I would also take remedial measures to improve water quality because that is the most likely cause IMO of the stress that allowed the parasitic explosion to occur.

vlangel
11/02/2016, 03:05 PM
It's doubtful that the problem has only occurred in the last week or two. Usually the water quality issue is something that develops over a longer period of time as in 1 to 6 months or even longer.
The biggest cause for water quality deterioration IME is uneaten food/detritus that doesn't get removed before decay sets in, releasing nutrients (AND provides bedding for) fueling nasty bacteria expansion.
For most people used to having a reef tank, this means that if they maintain seahorse tanks the same as a reef tank, the deterioration will happen over a slow period of time, so that when something happens, they are looking for a cause that is more recent when in fact it's a problem accumulating over a longer period of time.
While you can't possibly keep the tank so clean as to NOT have ANY decay at all, with good husbandry practices, your skimmer, if large enough (rated for many times actual tank size) and set up properly, will help to remove much of that decayed product that is in the form of dissolved organics. Larger and more frequent water changes are a big aid as well and are determined more by how good your filtration set-up is and your attention to locating and removing crap that ISN'T removed by the filtration.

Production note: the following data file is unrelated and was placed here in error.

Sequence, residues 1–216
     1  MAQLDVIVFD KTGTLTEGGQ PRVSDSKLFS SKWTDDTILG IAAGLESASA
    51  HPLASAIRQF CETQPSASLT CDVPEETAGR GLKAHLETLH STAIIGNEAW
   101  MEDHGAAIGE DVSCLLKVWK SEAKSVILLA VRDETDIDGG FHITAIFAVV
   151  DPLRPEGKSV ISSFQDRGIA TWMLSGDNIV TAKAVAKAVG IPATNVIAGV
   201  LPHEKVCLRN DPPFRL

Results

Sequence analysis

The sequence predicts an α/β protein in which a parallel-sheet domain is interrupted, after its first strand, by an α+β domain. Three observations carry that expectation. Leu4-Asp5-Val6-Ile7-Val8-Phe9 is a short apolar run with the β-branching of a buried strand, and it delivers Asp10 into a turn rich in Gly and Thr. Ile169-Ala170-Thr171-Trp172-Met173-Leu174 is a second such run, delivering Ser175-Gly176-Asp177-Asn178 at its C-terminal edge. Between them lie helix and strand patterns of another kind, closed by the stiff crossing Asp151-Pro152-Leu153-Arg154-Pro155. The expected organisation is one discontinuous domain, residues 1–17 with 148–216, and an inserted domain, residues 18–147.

I like to use a power head to blast the whole tank to get as much crap in suspension for the filtration to remove it, and then when doing the water change, siphon out any remaining detritus. Remember to clean the filtration devices afterwards.

+1 to this advise.

Kremis
11/02/2016, 10:31 PM
Thank you both. The skimmer I have set up is meant for 75 gallon tanks, so that is good. I will do a water change tomorrow. When I water change, I generally siphon the "dead zones" of sand, where typically a lot of detritus ends up.

vlangel
11/05/2016, 10:55 AM
Thank you both. The skimmer I have set up is meant for 75 gallon tanks, so that is good. I will do a water change tomorrow. When I water change, I generally siphon the "dead zones" of sand, where typically a lot of detritus ends up.
It sounds like you have a good skimmer for the tank. Oversized is best for seahorse tanks.
You are wise to syphon out the accumulated detritus. ACtually every 3 days is not too often.

I found when I began keeping seahorses that I did 3-4Xs the water changes that I did on the same size reef. I also wipe down all the glass surfaces in the tank once a week to remove the slime coat that accumulates.

Kremis
11/19/2016, 12:58 AM
No more thrashing has happened again. The seahorses are now happy and healthy. Thank you everyone

rayjay
11/19/2016, 07:58 AM
Thanks for the update.

vlangel
11/19/2016, 12:25 PM
I am very glad to hear that all is well. I always love a happy ending!